How Time in Nature Can Improve Your Relationship
Outdoor time with your partner is more than just fun—it can be the key to a superstrong bond
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Becca Droz still remembers how anxious she was on her first hike with her now-partner, Nikki Nichols. The rock climbing instructor, 32, who is based in Boulder, Colorado, was used to a constant stream of conversation on the trail—but Nichols was quiet. “That made me really uncomfortable,” Droz says. “It made me wonder, do we not have something to talk about? It stressed me out.” No such problem existed, it turned out: Nichols, 29, simply liked quiet time to think. That personality difference, made obvious by their trail time, quickly led to a conversation about communication. The couple, together for two and half years now, figured out a potential relationship tripwire right away. Today, if Nichols wants silence when they’re together, she says so up front—and Droz knows that doesn’t mean their relationship is in trouble.
It’s no accident that Droz and Nichols figured out their communication styles through spending time outdoors. Years of research has documented how time in nature benefits individuals, and clued-in couples therapists across the country know that exposure to the outdoors translates to stronger relationships, too. If you love the wilderness, it probably feels obvious that spending time hiking, skiing, or catching a sunset with a significant other will nurture your bond—maybe even help you through a rough patch. But what, exactly, is going on under the surface?
Nature’s relationship-healing powers begin deep in each partner’s nervous system. Think about how you felt during your last unproductive argument: heart pounding, fists clenched, rapid breathing. This is the fight-or-flight response, a hardwired human reaction to a perceived threat. Though it’s invaluable in helping us survive true emergencies, fight-or-flight gets in the way of healthy communication and conflict resolution.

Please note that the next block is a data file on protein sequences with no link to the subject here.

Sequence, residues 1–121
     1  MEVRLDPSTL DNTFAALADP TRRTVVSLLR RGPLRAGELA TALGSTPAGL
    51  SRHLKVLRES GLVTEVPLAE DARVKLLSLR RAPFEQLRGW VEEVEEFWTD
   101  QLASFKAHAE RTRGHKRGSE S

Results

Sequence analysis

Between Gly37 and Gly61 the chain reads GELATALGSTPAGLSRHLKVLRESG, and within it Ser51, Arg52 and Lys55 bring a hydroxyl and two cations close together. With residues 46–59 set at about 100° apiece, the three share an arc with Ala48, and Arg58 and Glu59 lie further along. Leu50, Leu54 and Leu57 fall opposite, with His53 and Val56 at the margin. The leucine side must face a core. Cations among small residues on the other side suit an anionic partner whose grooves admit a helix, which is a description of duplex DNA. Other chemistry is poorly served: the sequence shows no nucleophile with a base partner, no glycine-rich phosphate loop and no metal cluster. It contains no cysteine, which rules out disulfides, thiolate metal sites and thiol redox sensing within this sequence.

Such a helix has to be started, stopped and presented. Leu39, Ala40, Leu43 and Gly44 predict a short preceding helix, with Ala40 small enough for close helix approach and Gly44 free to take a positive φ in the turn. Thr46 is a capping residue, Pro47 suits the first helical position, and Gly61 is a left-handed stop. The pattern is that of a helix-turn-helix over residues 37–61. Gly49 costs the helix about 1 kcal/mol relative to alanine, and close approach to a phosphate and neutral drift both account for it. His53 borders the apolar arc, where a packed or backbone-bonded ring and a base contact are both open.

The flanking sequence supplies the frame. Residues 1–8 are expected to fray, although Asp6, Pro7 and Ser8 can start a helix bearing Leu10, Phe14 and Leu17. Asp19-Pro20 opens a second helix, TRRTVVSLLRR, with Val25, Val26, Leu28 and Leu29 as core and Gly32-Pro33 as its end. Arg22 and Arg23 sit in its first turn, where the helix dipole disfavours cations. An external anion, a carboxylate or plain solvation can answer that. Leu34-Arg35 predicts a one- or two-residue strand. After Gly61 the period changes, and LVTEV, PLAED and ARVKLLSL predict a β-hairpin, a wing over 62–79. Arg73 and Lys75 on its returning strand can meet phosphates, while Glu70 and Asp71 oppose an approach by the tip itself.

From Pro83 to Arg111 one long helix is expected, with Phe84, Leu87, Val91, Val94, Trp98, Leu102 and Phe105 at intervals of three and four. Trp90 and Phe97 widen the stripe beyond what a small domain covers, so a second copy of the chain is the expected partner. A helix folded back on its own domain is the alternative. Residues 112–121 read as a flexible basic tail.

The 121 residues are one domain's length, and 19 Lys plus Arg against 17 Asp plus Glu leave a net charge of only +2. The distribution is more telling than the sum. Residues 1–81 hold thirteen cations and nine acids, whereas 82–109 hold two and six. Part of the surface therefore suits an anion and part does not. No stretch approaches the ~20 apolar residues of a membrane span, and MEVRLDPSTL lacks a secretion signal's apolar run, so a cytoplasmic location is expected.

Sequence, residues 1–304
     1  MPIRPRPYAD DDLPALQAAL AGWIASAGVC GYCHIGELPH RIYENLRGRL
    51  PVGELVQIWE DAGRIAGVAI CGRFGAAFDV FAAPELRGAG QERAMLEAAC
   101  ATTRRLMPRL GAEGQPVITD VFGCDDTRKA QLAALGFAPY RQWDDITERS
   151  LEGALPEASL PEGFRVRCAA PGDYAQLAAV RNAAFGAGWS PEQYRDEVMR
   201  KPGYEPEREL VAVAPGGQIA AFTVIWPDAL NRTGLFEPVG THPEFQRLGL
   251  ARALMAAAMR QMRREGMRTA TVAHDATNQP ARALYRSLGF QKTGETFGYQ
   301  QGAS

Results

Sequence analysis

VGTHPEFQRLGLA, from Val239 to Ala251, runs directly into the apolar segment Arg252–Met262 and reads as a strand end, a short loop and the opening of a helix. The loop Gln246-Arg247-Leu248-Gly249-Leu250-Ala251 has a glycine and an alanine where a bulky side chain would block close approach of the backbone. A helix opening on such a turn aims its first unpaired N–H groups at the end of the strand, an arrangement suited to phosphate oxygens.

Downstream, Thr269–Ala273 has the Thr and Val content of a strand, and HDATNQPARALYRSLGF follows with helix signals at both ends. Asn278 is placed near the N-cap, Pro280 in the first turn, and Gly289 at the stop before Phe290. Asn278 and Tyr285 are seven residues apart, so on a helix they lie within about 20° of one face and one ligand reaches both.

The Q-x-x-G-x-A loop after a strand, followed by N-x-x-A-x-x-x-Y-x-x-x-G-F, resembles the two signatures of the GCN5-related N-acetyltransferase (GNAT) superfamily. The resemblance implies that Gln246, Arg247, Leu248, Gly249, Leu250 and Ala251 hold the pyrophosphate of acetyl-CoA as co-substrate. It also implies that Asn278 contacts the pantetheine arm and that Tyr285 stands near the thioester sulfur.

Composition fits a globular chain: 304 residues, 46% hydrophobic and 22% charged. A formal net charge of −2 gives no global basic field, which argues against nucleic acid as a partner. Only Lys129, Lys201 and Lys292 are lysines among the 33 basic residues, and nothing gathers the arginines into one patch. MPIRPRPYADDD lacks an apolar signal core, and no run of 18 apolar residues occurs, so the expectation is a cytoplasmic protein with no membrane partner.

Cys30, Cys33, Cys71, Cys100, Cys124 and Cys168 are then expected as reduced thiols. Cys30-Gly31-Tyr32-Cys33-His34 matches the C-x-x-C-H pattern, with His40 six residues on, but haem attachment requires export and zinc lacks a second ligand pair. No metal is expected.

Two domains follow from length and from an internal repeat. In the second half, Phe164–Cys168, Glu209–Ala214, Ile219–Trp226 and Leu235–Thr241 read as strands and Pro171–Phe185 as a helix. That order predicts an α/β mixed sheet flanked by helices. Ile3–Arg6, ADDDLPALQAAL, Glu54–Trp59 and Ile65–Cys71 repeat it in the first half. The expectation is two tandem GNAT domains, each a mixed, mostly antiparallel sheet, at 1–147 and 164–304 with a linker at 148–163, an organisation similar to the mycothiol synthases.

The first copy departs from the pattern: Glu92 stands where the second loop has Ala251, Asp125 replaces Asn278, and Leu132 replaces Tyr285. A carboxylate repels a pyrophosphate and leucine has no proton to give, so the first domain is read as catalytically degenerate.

Nature works as an antidote to that stress response. Study after study going back decades suggests that outdoor time leads to lowered blood pressure and heart rate, stress reduction, and better mental health. Researchers even found that watching a flickering campfire or simply looking at photos of green spaces are associated with reduced blood pressure and relaxation. Doctors now prescribe outdoor time to patients as a way to activate this part of the nervous system, with benefits for immune, digestive, reproductive, and psychological health. So being outdoors together sets the stage for tackling issues productively. Megan Newton, MA, LPC, LPCC, NCC, and co-owner of Evolve in Nature psychotherapy practice, counsels couples on public lands in and around Boulder, Colorado. “That implicit connection to nature allows the nervous system to calm,” she says. “We’re operating in the therapeutic process on a completely different level just to start with. We’ve decreased the perceived level of threat in someone’s body. Most people will name that right away: ‘Oh my gosh, it feels so good to be out here.’”
The outdoors also has a way of quickly tapping into our emotions, says Jeff Adorador, LMFT and founder of Earthwalker wilderness therapy practice in Northern California. He leads three-day group backpacking trips for couples called Relationship Quest, guiding clients through outdoor exercises promoting cooperation, communication, and intimacy. “Nature very much gets us into our bodies in a sensory state,” he says. “That will get you out of your head and into your feelings.”
Doing an outdoor activity together like climbing, mountain biking, or skiing can extend that effect. “Our bodies are moving in sync, like dancing,” says Emily Isaacs, MA, LPC, who practices in Boulder and Golden, Colorado. “It’s a body-up way of connecting, rather than talking—that’s mind-down. It’s a different thing from the body up, with nervous systems and bodies syncing, that translates to, I really feel connected to this person.”